“What the hell are you doing?!” I shout in fury, but then the
baby’s head emerges and the midwife swiftly unwraps the umbilical cord from
around the newborn’s neck.
“It’s a boy!” I call out to
“It’s a procedure we learn in training,” the doctor apologizes.
“We saw there was distress, that he wasn’t breathing. We had to get him out
quick so that oxygen would get to his brain. The body punch is the best way of
getting him out quickly.”
The midwife hands our son to Ilana, who cradles
him in her hand and weeps softly. I touch his soft skin and kiss Ilana on the
forehead. A few minutes later the midwife takes my boy to be weighed and
washed. At Ilana’s behest, I do not leave him for a minute and make sure that
the baby whose data gets recorded and who gets placed in the nursery is ours. As
I follow her I look out a window and see the lights of Afula glittering in the
In Halfi’s poem, the moonlight of God’s lantern reflects
off the roofs of the earth and the firmament above. God’s light permeates all
and envelops the poet. Yet God himself is unable to see it.The rooftops sparkle like a looking glass
Leafy branches of light anoint me
above the city, within sail-clouds
The stars moor on a skyward shore.
return to Ilana. She is smiling and humming as if she has just been for a
morning stroll. She wants her baby back and I assure her that she will soon have
him in her room. I tell her that the doctor has checked and confirmed
that everything is in working order – heart, lungs, liver, kidneys, and the
rest. We talk about the name we will give him at his brit mila, his circumcision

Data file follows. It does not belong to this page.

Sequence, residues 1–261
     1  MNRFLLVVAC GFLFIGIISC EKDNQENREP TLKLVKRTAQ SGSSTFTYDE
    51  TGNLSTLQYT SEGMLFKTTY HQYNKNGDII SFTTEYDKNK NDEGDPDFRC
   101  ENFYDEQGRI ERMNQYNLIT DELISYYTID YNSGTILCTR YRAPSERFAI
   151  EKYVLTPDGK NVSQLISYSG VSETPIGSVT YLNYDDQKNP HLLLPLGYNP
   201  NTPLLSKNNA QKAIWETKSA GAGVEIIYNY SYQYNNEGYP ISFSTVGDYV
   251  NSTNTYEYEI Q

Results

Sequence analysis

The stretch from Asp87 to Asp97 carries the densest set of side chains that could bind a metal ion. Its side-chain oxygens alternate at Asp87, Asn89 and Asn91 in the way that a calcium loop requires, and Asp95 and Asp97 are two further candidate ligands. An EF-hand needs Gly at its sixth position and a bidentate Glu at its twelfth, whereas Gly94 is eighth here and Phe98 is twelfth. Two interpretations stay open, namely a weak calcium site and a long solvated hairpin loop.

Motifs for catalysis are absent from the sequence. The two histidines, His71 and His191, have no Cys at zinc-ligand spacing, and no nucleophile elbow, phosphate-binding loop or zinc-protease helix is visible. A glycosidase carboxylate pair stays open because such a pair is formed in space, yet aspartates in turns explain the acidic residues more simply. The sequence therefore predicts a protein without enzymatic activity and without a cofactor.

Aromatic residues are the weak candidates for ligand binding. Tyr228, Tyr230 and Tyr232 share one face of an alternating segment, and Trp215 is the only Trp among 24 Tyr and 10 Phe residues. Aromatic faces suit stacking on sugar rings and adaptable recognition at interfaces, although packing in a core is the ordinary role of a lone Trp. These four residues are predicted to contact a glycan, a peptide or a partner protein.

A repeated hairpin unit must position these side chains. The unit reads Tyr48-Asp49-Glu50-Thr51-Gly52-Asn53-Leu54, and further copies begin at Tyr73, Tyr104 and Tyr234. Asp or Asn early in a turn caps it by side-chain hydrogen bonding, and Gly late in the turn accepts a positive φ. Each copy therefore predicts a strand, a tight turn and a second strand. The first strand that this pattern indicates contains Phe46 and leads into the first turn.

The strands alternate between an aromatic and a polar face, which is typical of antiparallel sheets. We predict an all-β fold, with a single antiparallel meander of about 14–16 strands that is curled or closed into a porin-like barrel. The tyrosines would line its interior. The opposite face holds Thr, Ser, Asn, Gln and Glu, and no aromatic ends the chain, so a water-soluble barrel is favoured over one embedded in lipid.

ceremony eight days hence. Mizmor’s and Asor’s names both came from the Book of
Psalms, so it is natural for us to look there. We consider several
possibilities, but none really catches our imaginations. Then I think of that
psalm we have been reciting in synagogue during the war. There’s that word
“pastures,” so peaceful and green, so appropriate to our home at the kibbutz.
And it appears, too, in a psalm we sing every Shabbat afternoon: The Lord is my
Shepherd; I shall not want.
He makes me to lie down in green pastures: he
leads me beside the still waters.
He Restores my soul: he leads me in the
paths of righteousness for his name’s sake.
Even though I walk through
the valley of the shadow of death, I will fear no evil.
In Hebrew, the
word that means “pastures” (or “oasis” or any green place) is “niot.” But
there’s a small problem. The word is in construct form, a declension that never
stands alone. It requires completion.
“He’ll complete it himself, in his
life,” Ilana says.
Because there’s a war on, the hospital is required to
keep beds free. So Ilana and I and Niot are picked up by Gadi and driven home to
the kibbutz that very afternoon. Before we leave the hospital, Niot
receives his first gift – a mamat, the sealed tent in which we are to place him
in the event of a missile alert, to enable him to breathe if he is surrounded by
Saddam’s chemicals and gases.
In the third stanza of his poem, Halfi
looks inward. God’s light has left him in the dark, but it wells up within him
in the form of a petition, perhaps to God or perhaps to the universe as a whole
as contained within the human soul. The light now emerges from human eyes, and
it is this light that will enable God to imbue his creation with compassion and
absolution: May forgiveness beautify all hearts
No soul is foul or at fault
There are no sinners among us.
We are weary of drifting in the
And blind God will forgive in the light of our eyes.
ago, 20 years after his birth, my son Niot, a proud soldier in the Golani
Brigade, died in a diving accident in Eilat. The heart nurtured in
Ilana’s womb beats and gives life now in another breast. His name remains
At the end of the shiva, the seven-day mourning period, I
read Avraham Halfi’s poem at his grave on Mt. Herzl.
The Lord gives, the
Lord takes away, blessed be the name of our blind, light-giving God forever and